German Chancellor Angela Merkel said it would be a grave political mistake to allow Greece to leave the euro zone.
Speaking to the BBC, Merkel said the debt-stricken country had "major weaknesses", but that a Greek exit from the common currency would be "catastrophic" for Europe.
She added important lessons had been learned from the Greek experience, allaying fears that further bailouts would be needed for other struggling euro zone countries.
"It [Greece] has major weaknesses but it is trying to overcome them, be they in the administration or the competitiveness of their business community," she said.
"It is going to be a long and arduous road. We have taken the decision to be in a currency union. This is not only a monetary decision, it is a political one. It would be catastrophic if we were to say to one of those who have decided to be with us: 'We no longer want you'."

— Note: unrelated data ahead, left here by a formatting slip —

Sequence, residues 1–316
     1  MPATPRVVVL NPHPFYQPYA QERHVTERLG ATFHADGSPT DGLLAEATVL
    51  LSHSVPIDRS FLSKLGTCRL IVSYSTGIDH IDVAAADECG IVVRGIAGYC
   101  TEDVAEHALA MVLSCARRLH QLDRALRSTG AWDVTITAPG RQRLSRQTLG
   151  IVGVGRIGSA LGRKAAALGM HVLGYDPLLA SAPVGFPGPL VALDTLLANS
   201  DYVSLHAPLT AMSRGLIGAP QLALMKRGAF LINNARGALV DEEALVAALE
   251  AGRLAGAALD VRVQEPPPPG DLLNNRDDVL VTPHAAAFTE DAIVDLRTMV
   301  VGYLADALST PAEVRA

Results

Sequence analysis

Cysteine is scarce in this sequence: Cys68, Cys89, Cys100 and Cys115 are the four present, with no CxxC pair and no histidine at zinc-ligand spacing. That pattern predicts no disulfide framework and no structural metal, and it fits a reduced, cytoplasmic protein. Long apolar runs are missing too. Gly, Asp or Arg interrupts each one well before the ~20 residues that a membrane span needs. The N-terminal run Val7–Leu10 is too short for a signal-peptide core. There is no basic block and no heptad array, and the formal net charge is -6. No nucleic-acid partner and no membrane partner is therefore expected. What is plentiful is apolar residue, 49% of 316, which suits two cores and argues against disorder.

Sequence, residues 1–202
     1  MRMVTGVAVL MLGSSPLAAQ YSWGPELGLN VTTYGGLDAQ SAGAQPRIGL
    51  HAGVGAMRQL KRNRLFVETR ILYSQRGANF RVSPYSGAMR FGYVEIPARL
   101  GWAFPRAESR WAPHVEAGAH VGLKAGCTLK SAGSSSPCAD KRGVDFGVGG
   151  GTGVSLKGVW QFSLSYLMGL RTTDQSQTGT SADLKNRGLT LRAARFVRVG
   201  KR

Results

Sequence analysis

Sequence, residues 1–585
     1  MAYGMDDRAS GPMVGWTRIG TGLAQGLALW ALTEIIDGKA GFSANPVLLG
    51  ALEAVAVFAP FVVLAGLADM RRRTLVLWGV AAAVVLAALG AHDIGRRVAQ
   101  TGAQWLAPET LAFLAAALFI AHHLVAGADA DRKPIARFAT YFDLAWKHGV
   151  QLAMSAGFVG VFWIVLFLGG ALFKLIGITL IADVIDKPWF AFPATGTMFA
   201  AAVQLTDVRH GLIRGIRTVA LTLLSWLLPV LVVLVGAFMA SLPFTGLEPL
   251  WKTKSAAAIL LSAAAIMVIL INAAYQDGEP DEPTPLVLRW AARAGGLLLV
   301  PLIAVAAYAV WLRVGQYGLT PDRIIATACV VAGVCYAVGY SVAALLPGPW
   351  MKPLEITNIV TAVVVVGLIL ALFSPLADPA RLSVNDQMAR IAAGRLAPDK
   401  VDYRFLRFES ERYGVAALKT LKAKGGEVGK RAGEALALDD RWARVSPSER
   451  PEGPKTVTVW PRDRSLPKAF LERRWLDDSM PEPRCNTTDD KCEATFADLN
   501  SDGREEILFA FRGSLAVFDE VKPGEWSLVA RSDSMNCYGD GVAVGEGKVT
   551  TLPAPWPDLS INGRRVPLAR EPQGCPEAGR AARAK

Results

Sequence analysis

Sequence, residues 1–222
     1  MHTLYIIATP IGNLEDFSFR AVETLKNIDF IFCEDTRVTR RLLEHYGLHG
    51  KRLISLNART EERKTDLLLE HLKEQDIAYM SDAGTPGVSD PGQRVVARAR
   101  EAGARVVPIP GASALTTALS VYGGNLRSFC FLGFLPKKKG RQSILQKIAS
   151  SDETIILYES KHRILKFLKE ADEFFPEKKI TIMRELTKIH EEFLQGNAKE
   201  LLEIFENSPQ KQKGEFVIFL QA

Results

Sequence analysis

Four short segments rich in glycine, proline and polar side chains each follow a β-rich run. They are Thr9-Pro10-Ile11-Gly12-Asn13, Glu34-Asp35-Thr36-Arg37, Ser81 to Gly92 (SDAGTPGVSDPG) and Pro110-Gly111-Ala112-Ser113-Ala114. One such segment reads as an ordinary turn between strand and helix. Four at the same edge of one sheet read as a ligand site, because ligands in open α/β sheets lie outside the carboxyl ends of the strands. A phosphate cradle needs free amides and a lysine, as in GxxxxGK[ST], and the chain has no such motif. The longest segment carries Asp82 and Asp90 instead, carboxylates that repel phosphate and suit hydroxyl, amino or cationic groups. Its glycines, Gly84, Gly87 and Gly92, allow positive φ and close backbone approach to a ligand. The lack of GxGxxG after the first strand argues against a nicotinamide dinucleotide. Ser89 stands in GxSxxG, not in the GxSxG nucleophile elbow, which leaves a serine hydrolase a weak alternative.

Ordinary Germans are angry with Merkel and her coalition government after their country was forced to provide the lion's share of a recent €130 billion Greek bailout loan, set to keep the country afloat until 2014. Similarly, many Greeks have blamed Germany -- and Merkel in particular -- for the heavy economic crisis the country is being crushed by.
The Chancellor also had strong words for Greece's leaders, warning they must abide by the harsh austerity measures attached to the bailout loan.
"Some countries accepted the rescue package but they don't particularly relish it. They must follow conditions set out by the IMF, the ECB and the European Commission. What democratic government wants to be in that situation for the duration?" she added.
"That is why we will be clear with Greece, we will say: 'If you want to be part of a common currency you have to do your homework but at the same time we will always support you.'"
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